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San Diego County housing permits drop for fifth straight year

first_imgSan Diego County housing permits drop for fifth straight year Posted: September 6, 2019 September 6, 2019 00:00 00:00 spaceplay / pause qunload | stop ffullscreenshift + ←→slower / faster ↑↓volume mmute ←→seek  . seek to previous 12… 6 seek to 10%, 20% … 60% XColor SettingsAaAaAaAaTextBackgroundOpacity SettingsTextOpaqueSemi-TransparentBackgroundSemi-TransparentOpaqueTransparentFont SettingsSize||TypeSerif MonospaceSerifSans Serif MonospaceSans SerifCasualCursiveSmallCapsResetSave SettingsSAN DIEGO (KUSI) – The housing shortage in San Diego County is getting worse.For the fifth year in a row, there was a drop in the number of permits issued for new housing. Housing permits in San Diego County dropped by 43% through the first six months of 2019, compared to the same period in 2018.The numbers show a steady decline in housing construction in San Diego.We talked to Borre Winckel, the President of the Building Industry Association of San Diego County, about the issue. Winckel says the only solution is to ease regulations and make it easier for companies to build. KUSI Newsroom KUSI Newsroom, Categories: Local San Diego News FacebookTwitterlast_img read more

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Fortune Cutting Frequency

first_imgThere are no plans to alter rate base, currently at 830,000, the executive said. There are plans, however, to build out the identity of Fortune’s Web site, but it will not break out of its subdomain within the CNNMoney portal.Like most other magazines in the business and finance category, Fortune suffered under the recession and accompanying ad drop. The magazine’s ad pages dropped 35 percent in the first three quarters compared to same period last year, per PIB numbers. Starting next year, Time Inc.’s Fortune will publish 18 times, down from a 25-time frequency. The move coincides with a redesign of the magazine that will emphasize long-form journalism, more utility and a shift to conceptual cover designs.Focus groups were conducted earlier this year to solicit feedback on editorial positioning and design, a spokesperson told FOLIO: sister title Audience Development.The new design, led by John Korpics, who was brought on board as creative director late summer, will have a less cluttered layout and feature upgraded paper and cover stock. Edit will focus on “long-form, deep dive” journalism, and the magazine will also add new sections in the front to accommodate reader requests for more actionable, career-focused content. The magazine will expand by 8 to 12 pages per issue.last_img read more

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This super house plant scrubs pollutants from your home

first_img 16 Photos Sci-Tech More plants Plant-robot hybrid can make its own way to sunny spots The best indoor plants to bring the outside in How to water your plants while you’re away According to the study, the unmodified plants didn’t affect the concentration of either gas much. But the modified plants changed the concentration of chloroform dramatically inside the tube, making it drop by 82 percent just after three days. By the sixth day, it was almost completely undetectable. The concentration of benzene also decreased thanks to the modified plants. By day eight, it dropped by an impressive 75 percent.”People haven’t really been talking about these hazardous organic compounds in homes, and I think that’s because we couldn’t do anything about them,” study author Stuart Strand said in a statement. “Now we’ve engineered houseplants to remove these pollutants for us.”The research team plans to add a protein to pothos plants that can break down another hazardous pollutant inside some homes: formaldehyde. This harmful compound is often found in wood flooring and cabinets. Tags Plug in your plants with these 15 connected garden gadgets (pictures)center_img Post a comment 0 CNET’s Holiday Gift Guide: The best place to find the perfect gift for everyone on your list this season.Culture: Your hub for everything from film and television to music, comics, toys and sports. Houseplants do more than just add natural beauty to your abode. They also help clean the air.Enlarge ImageA University of Washington scientist tests genetically modified pothos ivy to see how fast the plant can break down harmful chemicals. Mark Stone/University of Washington Now, researchers at the University of Washington have improved the air-cleaning properties of one common household plant, the pothos ivy (epipremnum aureum).The team genetically modified pothos ivy to not only remove carcinogens such as chloroform and benzene from the air, but to synthesize a protein, called 2E1, that transforms these harmful compounds into molecules the plants use for their own growth.The researchers chose pothos ivy as the plant for modification because it grows well indoors in a variety of conditions. They detail their work in a new study published this week in Environmental Science & Technology. The scientists added benzene or chloroform gas to modified and non-modified plants in glass tubes. Over 11 days, they collected data on how each pollutant’s concentration changed.  Share your voicelast_img read more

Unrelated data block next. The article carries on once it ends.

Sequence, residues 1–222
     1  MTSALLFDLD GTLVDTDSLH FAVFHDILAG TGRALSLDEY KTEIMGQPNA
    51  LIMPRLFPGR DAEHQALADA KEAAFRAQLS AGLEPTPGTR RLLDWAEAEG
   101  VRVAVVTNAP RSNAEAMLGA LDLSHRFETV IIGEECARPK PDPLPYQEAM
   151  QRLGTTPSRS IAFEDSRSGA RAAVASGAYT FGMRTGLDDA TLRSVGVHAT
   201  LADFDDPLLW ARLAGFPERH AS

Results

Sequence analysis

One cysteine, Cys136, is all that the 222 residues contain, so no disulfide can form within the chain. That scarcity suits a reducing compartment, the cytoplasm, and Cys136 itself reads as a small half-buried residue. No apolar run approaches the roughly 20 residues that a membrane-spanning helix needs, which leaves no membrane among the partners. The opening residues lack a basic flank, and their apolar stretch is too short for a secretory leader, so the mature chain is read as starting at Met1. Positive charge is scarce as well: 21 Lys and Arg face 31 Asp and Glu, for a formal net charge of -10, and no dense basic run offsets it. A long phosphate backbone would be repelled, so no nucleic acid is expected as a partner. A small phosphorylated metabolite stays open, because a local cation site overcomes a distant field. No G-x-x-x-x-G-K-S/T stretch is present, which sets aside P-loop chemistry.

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ExSouth Texas College of Law In Downtown Houston Changing Name Again

first_img Share Courtesy Houston College of LawA federal judge agreed with the University of Houston that the Houston College of Law name is too similar to that of UH’s law school.An attorney says a downtown Houston law school will change its name again to end a federal trademark lawsuit filed by the University of Houston System.The Houston Chronicle reports the Houston College of Law, formerly the South Texas College of Law, will announce its new name by Nov. 4 in a court agreement reached Wednesday.The University of Houston System in June sued the Houston College of Law after the moniker change was announced. The system’s law school is the University of Houston Law Center.UH officials objected to the competing law school’s new name, saying it was confusing to consumers.Houston College of Law attorney Lynne Liberato says merchandise and billboards touting the June name change will be removed. The new name will also honor a benefactor.last_img read more